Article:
A Church of Scotland school matron who died in Auschwitz after refusing to abandon Jewish girls in her care will be honoured with a stone memorial in Edinburgh.
Miss Haining trained as a Church of Scotland missionary in Edinburgh and in 1932 became matron of the Scottish Mission School in Budapest, Hungary, which had around 400 day and boarder pupils aged from 6-16 years old, a mixture of Jews and Christians.
She helped keep the children safe until she was betrayed and arrested by German officers in April 1944. Charged with eight offences she was jailed in Budapest before being transported to Auschwitz-Birkenau by rail in a cattle wagon along with scores of others.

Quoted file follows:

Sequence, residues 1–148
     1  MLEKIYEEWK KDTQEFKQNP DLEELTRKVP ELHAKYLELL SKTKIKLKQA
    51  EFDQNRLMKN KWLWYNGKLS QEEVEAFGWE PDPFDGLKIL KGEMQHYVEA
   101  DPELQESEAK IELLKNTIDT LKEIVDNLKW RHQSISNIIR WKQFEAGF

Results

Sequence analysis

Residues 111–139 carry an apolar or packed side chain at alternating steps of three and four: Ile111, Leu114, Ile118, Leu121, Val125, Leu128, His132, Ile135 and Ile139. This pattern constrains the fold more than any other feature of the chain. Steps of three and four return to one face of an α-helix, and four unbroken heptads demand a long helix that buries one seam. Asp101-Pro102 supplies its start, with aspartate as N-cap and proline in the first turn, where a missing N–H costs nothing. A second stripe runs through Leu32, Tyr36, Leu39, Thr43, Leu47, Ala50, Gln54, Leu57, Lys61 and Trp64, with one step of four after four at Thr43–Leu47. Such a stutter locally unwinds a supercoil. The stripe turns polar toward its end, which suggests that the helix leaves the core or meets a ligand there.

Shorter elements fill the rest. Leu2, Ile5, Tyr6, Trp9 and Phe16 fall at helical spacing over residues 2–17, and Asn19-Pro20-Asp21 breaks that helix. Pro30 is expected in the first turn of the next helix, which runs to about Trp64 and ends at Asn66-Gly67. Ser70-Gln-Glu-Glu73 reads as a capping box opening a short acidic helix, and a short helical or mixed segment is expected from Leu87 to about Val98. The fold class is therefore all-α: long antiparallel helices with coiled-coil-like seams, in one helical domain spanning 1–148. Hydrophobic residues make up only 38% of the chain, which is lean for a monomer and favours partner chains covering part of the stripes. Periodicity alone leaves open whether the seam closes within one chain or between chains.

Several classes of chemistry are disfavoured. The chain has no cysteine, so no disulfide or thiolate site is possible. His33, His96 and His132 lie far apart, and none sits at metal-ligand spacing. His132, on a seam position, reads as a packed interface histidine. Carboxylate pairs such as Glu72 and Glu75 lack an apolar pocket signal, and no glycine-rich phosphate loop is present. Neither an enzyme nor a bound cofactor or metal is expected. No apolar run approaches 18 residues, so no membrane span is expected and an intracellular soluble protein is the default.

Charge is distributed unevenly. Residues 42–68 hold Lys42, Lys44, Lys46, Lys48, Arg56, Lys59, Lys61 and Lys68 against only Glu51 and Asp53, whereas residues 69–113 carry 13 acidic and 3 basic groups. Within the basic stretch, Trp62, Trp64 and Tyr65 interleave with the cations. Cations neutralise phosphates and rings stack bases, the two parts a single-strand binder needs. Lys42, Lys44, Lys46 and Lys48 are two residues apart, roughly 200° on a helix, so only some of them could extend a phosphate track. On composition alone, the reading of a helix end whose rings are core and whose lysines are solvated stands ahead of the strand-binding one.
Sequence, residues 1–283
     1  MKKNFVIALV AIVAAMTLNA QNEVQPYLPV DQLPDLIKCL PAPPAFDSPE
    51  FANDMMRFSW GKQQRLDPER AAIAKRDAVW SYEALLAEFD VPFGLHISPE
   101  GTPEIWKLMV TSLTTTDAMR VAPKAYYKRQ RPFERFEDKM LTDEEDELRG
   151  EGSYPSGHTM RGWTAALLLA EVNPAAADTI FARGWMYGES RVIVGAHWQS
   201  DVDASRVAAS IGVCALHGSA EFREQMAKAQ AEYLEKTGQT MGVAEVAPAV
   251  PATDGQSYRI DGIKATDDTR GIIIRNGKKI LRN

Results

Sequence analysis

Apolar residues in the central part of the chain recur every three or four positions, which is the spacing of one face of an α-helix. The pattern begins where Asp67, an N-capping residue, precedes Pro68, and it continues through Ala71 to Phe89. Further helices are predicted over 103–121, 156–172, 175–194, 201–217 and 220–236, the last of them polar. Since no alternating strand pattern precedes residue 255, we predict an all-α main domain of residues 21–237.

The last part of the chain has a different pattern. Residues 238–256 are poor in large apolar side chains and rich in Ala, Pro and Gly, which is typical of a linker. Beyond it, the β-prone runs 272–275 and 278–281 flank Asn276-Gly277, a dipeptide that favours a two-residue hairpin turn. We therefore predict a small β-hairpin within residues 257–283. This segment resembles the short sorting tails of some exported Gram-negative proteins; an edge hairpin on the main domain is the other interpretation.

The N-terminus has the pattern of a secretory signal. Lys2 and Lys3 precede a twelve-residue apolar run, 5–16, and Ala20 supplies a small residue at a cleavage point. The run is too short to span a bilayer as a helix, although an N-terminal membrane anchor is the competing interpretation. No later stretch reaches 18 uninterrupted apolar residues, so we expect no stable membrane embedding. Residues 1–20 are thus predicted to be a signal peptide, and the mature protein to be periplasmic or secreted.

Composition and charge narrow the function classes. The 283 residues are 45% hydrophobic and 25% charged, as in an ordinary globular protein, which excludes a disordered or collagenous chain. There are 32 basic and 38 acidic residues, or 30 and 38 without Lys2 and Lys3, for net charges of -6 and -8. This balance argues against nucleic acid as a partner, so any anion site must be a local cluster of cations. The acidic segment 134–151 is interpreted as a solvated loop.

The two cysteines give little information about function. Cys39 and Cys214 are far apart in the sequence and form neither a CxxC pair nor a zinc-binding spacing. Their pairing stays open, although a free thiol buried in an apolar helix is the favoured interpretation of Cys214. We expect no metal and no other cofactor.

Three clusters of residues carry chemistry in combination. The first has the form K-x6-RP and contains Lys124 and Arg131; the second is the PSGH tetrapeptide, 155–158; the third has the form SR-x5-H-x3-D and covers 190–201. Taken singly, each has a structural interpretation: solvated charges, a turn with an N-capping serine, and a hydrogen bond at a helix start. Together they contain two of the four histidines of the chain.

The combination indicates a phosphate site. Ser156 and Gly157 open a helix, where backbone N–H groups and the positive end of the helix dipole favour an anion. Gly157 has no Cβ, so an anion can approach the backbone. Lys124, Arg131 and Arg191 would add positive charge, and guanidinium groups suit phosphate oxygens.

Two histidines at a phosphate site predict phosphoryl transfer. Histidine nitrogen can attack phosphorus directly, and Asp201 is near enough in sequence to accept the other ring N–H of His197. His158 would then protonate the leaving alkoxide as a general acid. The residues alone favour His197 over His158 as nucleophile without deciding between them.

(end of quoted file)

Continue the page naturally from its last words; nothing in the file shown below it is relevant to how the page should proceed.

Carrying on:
Jane Haining was killed in Auschwitz in 1944 and subsequently recognised as ‘Righteous Among the Nations' at Yad Vashem World Holocaust Remembrance Centre in Jerusalem, the only Scot to be given the honour. The motion to pay for the installation of a Stolperstein or ‘stumbling stone' memorial was passed by acclaim this week by City of Edinburgh Councillors.
Rt Rev Dr Iain Greenshields, Moderator of the General Assembly of the Church of Scotland, commented:
"A woman of deep Christian faith, she was fully aware of the risks she was taking but repeatedly refused Church of Scotland pleas to leave Budapest and return home to Scotland as the war engulfed Europe.
"Jane was determined to continue doing her duty and stick to her post, saying ‘If these children need me in days of sunshine, how much more do they need me in days of darkness?'.
"Her story is moving, humbling, heart-breaking and inspirational and we hope that this honour will help keep her memory alive for generations to come."